KPN noted in its Q3 report that is investing more than average in next-generation access networks: LTE, FTTH (via Reggefiber) and Wi-Fi (met FON). Ziggo and Tele2 are also paying attention to infrastructure, although they are somewhat dependent on rivals: Ziggo uses the Vodafone network for its MVNO and Tele2 has signed a site-sharing agreement with T-Mobile for 4G and uses access lines from Reggefiber for FTTH.

Ziggo has been increasing its investments for some time. In 2012, its capex totaled EUR 175 million, and in 2013 it is expected to be nearly double, at EUR 340 million. And this is despite its consumer base falling by around 350,000 in the three years to 2.68 million. This suggest that Ziggo, more than KPN, would benefit from a merger in order to achieve economies of scale. Sooner or later a bid will come from Liberty Global. Whatever the case, it's just as true for Ziggo as KPN that connectivity is the most important service it has to offer. While we haven't heard that in so many words from Ziggo, it's clear from its results: since Q1 2013, broadband is its biggest revenue generator.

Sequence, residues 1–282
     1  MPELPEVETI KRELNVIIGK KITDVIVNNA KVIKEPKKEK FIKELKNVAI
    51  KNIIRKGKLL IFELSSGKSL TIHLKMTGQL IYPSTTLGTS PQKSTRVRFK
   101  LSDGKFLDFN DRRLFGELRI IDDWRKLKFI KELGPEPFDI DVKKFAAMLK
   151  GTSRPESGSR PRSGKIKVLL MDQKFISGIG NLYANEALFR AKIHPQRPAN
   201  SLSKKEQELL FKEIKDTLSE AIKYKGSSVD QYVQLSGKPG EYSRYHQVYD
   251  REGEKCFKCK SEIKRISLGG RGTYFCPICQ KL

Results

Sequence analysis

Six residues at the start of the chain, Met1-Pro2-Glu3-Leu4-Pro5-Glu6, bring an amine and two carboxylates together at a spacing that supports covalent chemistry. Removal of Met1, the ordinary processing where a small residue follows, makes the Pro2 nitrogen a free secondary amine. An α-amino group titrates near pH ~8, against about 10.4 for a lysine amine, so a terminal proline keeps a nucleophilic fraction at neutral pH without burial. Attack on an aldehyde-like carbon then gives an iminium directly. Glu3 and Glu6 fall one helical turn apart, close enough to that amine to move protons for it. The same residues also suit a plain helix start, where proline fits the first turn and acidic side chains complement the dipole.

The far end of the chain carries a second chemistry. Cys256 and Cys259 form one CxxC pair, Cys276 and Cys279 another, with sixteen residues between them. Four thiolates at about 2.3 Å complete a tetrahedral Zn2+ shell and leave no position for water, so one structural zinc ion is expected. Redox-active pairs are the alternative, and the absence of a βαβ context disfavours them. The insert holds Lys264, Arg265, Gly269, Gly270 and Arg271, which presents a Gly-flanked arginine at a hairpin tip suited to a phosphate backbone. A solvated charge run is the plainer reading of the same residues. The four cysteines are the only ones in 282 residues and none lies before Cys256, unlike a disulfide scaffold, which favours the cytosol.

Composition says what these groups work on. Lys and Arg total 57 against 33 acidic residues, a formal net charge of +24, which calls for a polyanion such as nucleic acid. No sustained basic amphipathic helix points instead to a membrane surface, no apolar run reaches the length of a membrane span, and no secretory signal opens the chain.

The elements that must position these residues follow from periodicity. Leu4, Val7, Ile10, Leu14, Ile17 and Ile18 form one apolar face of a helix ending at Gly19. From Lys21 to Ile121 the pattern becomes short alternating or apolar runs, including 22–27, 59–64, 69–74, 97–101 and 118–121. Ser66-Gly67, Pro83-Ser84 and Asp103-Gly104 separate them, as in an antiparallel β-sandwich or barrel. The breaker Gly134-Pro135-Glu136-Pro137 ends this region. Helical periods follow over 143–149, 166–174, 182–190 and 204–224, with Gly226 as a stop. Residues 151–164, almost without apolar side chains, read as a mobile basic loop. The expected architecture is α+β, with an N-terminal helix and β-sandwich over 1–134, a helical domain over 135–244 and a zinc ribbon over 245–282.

Tele2 NL has kept its capex budget more under control. It makes use of its existing infrastructure (backbone) and its cooperation with T-Mobile and Reggefiber.

Customer satisfaction

A side effect of all the transitions in the sector is that customer satisfaction has started to suffer (see Telecompaper's research on net promoter scores). Tele2 NL acknowledged this openly in its Q3 report and said it's taking action. At KPN, the attention is on simplifying (its current strategic plan to 2015 is entitled 'Strengthen, Simplify, Grow'). This applies to the product portfolio, as well as processes, the network and IT. The aim: lower costs (opex and capex), a shorter time-to-market for new services and higher customer satisfaction.

Dissatisfied customers are not uncommon in the telecom sector, but since the creation of Ziggo, no major complaints have emerged. The story is different at UPC, which has struggled to get its Horizon set-top box working for customers.


New technology means new competition, and especially the OTT sector is a threat. Existing players are arming themselves by putting a new focus on infrastructure: LTE, FTTH and Wi-Fi.